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What Is Wasanbon, the Traditional Japanese Sugar?

Japanese food culture’s popularity has increased worldwide during the last few years and its sweets are also gaining more attention. Among them, there is wasanbon, a kind of sugar often presented in traditional shapes and colorful designs. But aside from its aesthetics, what makes it different from other sugars?

Wasanbon, an “Upper-class” Sugar

Wasanbon is a kind of traditional Japanese sugar that has a history of over 200 years. It is only produced in Kagawa and Tokushima Prefectures, and is considered the “upper class” of sugar in Japan. Wasanbon is mainly used in making Japanese sweets.

One of the most famous sweets is higashi, a dry Japanese candy that is molded using a wooden frame. It’s usually colorful and shaped like seasonal flowers. It is best eaten with matcha (powdered green tea) which is very bitter. Purehigashi, made only of wasanbon, tastes very smooth, melting in the mouth with a sweetness one could call sophisticated. It has a rich taste, but not too sweet, which makes it a bit addictive.

Wasanbon assorts
A typical gift box of higashi like this one costs about 2,500 yen.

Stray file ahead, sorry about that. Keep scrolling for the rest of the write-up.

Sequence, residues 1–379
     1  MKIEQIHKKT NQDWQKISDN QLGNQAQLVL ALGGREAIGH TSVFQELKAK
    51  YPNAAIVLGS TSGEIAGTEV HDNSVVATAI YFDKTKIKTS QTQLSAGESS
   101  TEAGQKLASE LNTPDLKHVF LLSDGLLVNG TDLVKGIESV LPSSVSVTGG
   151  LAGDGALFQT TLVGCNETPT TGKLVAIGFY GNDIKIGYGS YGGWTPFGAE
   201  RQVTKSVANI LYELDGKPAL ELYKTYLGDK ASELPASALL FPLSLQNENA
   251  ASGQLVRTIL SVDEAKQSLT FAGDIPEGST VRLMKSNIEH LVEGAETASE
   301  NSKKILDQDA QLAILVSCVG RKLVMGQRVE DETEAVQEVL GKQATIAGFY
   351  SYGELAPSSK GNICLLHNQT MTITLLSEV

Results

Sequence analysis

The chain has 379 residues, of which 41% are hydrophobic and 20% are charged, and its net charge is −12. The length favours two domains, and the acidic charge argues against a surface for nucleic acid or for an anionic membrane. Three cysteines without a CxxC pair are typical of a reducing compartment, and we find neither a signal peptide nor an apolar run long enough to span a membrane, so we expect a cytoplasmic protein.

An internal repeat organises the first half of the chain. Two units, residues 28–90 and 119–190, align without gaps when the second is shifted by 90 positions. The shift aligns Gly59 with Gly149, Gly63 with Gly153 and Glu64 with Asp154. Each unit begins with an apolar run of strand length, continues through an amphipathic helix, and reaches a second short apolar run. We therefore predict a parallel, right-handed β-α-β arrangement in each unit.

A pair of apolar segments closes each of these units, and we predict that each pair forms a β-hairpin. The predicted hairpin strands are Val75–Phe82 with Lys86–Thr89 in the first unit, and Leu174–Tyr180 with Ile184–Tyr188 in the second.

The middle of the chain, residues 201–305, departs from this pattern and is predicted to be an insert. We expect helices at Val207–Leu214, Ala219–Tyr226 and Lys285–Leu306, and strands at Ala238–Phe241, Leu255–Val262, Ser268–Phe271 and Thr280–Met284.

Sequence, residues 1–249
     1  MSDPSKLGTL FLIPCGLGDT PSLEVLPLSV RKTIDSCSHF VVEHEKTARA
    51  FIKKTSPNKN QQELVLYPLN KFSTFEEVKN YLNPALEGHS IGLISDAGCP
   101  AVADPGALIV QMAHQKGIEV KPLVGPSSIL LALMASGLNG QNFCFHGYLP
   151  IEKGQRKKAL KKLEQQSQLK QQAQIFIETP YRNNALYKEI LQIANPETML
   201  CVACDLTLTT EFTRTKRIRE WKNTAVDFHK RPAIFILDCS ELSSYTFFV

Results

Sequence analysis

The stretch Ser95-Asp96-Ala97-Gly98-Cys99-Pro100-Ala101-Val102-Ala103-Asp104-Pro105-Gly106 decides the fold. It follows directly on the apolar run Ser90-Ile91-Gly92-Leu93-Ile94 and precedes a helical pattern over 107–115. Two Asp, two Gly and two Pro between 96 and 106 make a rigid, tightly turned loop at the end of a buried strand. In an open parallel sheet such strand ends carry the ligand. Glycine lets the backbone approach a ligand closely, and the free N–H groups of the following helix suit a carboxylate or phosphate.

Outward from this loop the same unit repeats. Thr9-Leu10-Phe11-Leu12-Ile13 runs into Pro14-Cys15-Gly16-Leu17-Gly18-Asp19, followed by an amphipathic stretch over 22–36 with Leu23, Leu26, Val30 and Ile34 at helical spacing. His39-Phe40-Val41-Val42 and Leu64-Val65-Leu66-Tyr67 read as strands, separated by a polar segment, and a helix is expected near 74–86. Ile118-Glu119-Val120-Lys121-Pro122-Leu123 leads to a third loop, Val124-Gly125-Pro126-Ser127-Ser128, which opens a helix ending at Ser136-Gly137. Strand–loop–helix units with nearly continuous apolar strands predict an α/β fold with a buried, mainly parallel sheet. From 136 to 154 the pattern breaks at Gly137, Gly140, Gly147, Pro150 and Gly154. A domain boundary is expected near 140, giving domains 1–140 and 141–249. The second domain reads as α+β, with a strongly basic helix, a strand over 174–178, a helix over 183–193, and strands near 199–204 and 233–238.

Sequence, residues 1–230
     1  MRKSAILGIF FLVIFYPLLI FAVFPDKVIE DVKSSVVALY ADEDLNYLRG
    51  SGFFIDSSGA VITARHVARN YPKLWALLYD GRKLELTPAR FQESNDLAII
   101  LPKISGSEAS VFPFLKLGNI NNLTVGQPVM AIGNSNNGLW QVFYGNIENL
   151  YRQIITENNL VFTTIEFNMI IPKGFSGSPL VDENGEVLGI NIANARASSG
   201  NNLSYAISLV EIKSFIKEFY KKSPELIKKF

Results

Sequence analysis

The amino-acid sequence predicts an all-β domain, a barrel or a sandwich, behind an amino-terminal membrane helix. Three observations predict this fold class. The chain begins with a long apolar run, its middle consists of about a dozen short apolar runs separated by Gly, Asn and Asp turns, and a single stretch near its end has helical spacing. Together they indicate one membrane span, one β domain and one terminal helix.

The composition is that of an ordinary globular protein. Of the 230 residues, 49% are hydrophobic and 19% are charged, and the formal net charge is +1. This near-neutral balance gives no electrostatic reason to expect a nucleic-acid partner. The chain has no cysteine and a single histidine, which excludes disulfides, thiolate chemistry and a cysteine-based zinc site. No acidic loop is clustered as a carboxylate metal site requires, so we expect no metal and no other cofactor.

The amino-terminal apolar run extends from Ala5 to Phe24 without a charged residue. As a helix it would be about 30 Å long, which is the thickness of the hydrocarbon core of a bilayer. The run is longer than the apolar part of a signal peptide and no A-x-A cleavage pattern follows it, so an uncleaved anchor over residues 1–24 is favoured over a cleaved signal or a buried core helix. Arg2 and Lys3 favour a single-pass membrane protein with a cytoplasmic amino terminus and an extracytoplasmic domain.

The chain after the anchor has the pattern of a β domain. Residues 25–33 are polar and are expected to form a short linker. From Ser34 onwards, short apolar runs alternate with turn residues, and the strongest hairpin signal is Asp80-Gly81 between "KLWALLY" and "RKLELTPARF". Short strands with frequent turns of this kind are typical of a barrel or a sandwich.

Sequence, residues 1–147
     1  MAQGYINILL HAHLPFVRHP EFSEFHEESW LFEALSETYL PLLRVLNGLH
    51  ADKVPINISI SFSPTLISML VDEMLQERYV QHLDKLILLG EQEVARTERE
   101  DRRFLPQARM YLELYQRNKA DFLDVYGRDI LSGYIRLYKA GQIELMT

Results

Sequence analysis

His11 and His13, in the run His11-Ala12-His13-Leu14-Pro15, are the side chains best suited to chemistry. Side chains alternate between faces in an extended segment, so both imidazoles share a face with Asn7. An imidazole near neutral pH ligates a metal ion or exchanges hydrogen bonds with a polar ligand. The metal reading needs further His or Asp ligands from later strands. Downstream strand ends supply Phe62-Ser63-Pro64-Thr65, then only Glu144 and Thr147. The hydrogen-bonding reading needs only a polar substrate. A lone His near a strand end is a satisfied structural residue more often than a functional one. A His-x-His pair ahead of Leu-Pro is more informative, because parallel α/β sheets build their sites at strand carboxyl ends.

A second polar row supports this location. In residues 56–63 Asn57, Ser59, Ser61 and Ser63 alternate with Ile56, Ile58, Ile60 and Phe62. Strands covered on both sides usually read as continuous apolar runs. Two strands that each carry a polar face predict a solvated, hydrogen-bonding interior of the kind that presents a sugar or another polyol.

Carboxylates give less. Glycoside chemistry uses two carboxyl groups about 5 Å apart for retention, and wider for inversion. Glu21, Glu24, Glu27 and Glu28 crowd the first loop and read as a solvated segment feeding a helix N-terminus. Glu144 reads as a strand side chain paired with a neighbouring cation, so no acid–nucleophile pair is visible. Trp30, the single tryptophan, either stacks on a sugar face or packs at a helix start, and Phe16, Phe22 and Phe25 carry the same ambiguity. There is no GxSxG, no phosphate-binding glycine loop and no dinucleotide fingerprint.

A Special Making Process

Wasanbon is made from Chinese sugarcane, so it has a different taste: with more umami compared to other sugars that are made from ordinary sugarcane. The making of wasanbon follows a unique procedure called togi in Japanese.

During togi, the craftsmen mix the water with black sugar and knead it by hand. After finishing togi, they eliminate the sugary juice using some traditional equipment and repeat the whole process two more times. By doing this, the impurities are eliminated and the sugar becomes smoother. Rather than using modern sugar refining techniques, togi is done only by hand, which isn’t always perfect, but creates a pure and original taste from natural ingredients.

Common Uses of Wasanbon in Daily Life

The dry Japanese candy higashi is sold in many Japanese sweets shops and is easy to get in Japanese department stores. You don’t have to be a fan of green tea to appreciate it: it goes well with coffee or black tea. too. However, higashi sugars are not meant to be dissolved like sugar cubes, but bitten into like a piece of candy. Some people even eat it with brandy!

Powdered wasanbon

It is also possible to buy powdered wasanbon, which you can use to bake or cook your own dishes. It’s also interesting to note that nowadays, wasanbon is being used by Western-style cake shops as well.

Amélie Geeraert

Born in France, I've been living in Japan since 2011. I'm curious about everything, and living in Japan has allowed me to expand my vision of the world through a broad range of new activities, experiences, and encounters. As a writer, what I love most is listening to people's personal stories and share them with our readers.

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